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Anna Dekalchuk and Ivan Grigoriev

School of Autocracy: Pensions and Labour Reforms of the First Putin Administration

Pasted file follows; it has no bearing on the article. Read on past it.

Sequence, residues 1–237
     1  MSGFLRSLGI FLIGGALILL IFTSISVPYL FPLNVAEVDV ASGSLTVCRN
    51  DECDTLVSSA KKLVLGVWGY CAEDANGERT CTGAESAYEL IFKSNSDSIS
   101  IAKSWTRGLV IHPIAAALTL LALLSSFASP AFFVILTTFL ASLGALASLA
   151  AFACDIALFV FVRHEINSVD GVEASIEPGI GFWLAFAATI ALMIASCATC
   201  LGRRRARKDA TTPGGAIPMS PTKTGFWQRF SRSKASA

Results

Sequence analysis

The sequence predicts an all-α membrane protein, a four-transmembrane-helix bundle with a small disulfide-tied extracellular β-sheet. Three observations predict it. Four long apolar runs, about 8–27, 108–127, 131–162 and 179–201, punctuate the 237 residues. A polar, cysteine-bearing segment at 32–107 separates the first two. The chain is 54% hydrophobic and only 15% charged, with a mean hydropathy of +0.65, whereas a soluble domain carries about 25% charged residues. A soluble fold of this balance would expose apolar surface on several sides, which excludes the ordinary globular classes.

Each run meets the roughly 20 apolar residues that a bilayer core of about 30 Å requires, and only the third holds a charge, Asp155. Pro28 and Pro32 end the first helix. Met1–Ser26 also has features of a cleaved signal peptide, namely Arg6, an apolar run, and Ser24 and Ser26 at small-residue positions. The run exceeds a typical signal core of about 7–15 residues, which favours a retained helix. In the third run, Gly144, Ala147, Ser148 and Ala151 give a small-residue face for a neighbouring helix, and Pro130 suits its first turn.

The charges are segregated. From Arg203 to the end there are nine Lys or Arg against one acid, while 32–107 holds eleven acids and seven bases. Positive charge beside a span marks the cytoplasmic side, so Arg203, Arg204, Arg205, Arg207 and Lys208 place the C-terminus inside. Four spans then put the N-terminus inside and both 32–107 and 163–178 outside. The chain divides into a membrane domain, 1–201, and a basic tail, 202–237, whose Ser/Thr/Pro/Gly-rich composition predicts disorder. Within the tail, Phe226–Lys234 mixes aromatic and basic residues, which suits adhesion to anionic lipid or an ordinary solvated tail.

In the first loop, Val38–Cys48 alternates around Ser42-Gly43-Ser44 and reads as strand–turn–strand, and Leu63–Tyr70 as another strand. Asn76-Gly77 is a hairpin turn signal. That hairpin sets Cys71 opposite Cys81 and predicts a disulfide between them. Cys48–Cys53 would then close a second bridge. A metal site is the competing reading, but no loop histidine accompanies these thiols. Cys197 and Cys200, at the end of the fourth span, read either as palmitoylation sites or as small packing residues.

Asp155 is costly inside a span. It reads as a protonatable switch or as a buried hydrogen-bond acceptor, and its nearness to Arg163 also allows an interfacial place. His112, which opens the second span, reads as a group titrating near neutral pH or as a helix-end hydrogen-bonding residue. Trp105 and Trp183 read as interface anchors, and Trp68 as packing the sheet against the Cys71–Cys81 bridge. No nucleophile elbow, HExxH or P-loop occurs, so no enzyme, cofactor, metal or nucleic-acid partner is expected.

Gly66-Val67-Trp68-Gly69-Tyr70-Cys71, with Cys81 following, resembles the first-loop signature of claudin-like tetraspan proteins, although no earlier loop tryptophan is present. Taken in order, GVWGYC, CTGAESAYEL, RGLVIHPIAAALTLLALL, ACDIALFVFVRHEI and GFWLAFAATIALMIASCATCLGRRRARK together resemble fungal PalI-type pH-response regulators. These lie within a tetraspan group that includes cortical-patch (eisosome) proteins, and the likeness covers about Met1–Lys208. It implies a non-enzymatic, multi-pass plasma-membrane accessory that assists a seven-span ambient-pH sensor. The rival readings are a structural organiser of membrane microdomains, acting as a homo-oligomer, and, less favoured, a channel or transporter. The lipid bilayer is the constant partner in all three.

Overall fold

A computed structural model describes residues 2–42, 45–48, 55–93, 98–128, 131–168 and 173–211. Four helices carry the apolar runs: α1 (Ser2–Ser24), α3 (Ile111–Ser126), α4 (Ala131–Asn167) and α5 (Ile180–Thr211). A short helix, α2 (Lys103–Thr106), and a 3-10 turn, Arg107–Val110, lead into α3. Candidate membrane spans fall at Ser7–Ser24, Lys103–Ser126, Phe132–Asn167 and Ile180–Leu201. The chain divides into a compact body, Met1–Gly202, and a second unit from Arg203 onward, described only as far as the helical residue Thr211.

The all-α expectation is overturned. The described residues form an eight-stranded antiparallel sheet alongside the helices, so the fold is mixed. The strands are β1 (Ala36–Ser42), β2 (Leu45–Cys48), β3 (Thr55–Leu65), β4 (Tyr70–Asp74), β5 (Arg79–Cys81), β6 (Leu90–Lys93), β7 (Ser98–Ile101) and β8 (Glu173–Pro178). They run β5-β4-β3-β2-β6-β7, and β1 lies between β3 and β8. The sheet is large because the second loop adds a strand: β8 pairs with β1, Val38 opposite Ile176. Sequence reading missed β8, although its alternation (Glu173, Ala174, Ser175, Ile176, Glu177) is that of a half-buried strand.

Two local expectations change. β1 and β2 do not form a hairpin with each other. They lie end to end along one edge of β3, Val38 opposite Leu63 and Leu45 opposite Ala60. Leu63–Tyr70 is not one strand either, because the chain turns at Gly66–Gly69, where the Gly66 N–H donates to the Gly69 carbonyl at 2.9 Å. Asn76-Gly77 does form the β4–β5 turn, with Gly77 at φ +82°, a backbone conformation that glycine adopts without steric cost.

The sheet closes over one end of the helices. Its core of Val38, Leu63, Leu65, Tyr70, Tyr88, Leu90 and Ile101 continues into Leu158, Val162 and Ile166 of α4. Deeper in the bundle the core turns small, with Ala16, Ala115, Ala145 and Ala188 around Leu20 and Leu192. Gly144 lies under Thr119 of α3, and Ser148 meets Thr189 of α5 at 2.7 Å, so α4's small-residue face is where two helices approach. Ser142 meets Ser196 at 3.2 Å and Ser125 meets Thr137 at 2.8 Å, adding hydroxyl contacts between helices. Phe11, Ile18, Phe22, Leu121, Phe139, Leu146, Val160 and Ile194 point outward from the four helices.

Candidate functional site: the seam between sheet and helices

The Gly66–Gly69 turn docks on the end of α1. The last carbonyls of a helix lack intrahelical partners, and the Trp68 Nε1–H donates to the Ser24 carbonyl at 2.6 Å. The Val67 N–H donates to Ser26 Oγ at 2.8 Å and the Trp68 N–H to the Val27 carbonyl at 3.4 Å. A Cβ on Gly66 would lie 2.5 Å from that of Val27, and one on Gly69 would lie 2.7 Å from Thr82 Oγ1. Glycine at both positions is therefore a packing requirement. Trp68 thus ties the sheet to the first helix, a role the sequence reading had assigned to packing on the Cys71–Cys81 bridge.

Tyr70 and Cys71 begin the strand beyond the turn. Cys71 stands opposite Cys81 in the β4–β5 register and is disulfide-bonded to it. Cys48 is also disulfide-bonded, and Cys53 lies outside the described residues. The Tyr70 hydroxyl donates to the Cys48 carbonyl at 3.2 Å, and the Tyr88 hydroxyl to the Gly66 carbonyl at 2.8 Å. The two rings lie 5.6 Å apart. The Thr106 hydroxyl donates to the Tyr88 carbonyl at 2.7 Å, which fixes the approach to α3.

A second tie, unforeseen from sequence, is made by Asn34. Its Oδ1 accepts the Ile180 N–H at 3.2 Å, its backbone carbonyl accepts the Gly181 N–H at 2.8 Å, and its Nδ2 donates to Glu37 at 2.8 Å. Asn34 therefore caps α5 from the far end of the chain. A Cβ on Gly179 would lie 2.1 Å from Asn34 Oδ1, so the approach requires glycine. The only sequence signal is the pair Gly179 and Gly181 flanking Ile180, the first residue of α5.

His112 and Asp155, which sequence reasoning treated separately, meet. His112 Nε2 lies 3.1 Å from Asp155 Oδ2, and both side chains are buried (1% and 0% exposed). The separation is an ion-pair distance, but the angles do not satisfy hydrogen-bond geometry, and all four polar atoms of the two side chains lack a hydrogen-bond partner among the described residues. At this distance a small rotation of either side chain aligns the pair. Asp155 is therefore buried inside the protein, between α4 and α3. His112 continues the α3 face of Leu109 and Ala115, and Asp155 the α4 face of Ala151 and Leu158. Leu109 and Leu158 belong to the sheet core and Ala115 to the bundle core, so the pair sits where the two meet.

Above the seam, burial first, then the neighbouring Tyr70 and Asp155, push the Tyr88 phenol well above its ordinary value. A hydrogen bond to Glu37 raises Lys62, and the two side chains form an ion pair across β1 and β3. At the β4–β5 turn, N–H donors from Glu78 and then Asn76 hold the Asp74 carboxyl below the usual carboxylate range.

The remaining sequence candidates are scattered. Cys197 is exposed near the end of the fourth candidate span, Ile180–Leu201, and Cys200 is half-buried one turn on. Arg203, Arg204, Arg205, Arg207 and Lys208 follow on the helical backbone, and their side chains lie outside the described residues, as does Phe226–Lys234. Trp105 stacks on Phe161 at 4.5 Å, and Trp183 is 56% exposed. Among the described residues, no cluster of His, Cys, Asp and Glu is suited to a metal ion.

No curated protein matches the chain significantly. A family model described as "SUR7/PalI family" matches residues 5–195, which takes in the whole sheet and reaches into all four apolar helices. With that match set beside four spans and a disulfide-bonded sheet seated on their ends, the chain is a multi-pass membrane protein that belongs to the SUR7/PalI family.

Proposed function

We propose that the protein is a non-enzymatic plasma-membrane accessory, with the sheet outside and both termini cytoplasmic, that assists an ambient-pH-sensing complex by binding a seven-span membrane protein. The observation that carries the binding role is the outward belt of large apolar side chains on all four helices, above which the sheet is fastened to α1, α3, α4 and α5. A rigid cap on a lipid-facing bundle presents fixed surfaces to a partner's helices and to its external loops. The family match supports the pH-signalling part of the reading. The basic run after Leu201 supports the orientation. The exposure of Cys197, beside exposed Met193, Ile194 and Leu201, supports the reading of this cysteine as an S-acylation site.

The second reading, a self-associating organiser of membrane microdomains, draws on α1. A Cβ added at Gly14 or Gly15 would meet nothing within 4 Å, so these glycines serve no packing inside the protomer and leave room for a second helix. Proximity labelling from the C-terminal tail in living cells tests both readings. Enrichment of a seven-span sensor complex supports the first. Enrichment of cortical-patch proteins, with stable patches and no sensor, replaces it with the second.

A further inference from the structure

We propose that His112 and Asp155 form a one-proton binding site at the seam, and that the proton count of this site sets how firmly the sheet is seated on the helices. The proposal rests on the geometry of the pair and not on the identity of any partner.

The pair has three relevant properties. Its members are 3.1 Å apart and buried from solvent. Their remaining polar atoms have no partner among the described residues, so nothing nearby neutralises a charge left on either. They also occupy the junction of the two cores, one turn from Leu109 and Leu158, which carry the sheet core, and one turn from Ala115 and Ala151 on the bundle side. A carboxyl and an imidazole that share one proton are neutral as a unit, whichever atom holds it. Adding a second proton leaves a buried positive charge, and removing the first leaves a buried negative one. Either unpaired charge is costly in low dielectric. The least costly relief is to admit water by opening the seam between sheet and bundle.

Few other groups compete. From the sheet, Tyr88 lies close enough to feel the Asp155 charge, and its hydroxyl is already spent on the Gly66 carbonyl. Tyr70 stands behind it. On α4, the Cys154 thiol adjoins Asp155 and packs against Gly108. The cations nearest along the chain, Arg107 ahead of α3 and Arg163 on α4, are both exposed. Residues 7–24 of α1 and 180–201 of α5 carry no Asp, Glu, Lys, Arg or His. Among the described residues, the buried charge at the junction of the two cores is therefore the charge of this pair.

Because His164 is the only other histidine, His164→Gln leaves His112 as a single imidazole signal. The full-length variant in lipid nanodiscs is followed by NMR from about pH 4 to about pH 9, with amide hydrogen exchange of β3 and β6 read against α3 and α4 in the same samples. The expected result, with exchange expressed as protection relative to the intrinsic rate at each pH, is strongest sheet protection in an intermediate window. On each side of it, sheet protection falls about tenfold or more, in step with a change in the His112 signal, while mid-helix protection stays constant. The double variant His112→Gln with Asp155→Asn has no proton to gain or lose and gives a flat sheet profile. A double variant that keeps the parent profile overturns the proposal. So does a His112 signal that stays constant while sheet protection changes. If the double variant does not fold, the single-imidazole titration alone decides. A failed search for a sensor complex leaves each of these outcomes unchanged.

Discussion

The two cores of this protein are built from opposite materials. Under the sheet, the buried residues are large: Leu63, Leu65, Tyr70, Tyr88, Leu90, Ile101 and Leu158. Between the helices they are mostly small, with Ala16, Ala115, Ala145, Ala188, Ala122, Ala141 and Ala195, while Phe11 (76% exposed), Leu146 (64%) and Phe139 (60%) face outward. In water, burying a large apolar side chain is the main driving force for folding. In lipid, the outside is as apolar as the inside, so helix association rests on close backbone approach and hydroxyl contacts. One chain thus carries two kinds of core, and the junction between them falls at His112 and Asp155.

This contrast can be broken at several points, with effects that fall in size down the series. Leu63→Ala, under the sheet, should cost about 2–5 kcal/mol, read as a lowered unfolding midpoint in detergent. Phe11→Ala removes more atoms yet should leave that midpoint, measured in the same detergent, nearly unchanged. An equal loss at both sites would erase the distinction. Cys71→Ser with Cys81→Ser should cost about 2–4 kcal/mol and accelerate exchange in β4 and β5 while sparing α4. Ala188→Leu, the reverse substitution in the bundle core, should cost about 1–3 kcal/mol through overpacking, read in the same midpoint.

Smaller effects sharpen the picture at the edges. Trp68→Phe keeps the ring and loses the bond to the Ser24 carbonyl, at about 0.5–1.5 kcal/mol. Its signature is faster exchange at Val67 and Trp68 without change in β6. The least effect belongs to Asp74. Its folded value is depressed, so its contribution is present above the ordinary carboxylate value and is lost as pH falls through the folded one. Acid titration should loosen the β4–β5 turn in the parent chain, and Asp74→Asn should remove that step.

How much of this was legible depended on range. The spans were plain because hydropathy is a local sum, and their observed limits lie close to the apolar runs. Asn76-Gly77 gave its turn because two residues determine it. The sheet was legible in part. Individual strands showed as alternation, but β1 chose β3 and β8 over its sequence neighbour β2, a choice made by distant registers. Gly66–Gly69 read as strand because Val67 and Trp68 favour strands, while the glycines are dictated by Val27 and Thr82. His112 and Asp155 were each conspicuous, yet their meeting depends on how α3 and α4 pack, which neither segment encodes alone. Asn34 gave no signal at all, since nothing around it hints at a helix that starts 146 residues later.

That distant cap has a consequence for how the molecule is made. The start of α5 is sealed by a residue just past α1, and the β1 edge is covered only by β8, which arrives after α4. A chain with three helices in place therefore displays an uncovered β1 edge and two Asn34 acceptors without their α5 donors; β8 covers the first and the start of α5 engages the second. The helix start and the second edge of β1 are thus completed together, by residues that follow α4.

The argument put forth in the paper is that the would-be autocrats learn their business while in office, thus making it a dynamic process. This knowledge is created as part of a collective trial and error process whereby all actors interact to obtain some intermediate goals. Normally these goals would not be related to power directly. Rather, they would concern specific policies the state government wishes to pursue. Various actors present in the political arena would then struggle to achieve their immediate policy goals, but this struggle would bring to life structures of interaction that would later stick with the regime and become its backbone. These structures would become the new norms of interaction, but they would also ascribe roles to various actors. The way the regime is would therefore be a result of collective learning rather than a deliberate design by one dominant actor. We therefore draw from the theory of cognitive institutionalism (Mantzavinos, North, and Shariq 2004) and from coordination game theory to formulate a theory of autocratic learning. We illustrate the theory with a case-study of the labour and pension reforms conducted by Vladimir Putin in Russia in the early 2000s. The empirical part consists of a description of the initial attempts at such reforms started in mid-1990s to reveal the set of relevant actors and their prior experience. This also prepares the mise en scene for the second wave of reforms conducted by Vladimir Putin in the first years of his presidency. These reforms are then analysed to show how chaotic the interactions were initially, and how they were further structured in two years time to create by 2002 the new political order. The empirical findings are informed by a series of in-depth interviews conducted in Autumn 2013 with the stakeholders in labour and pension reforms.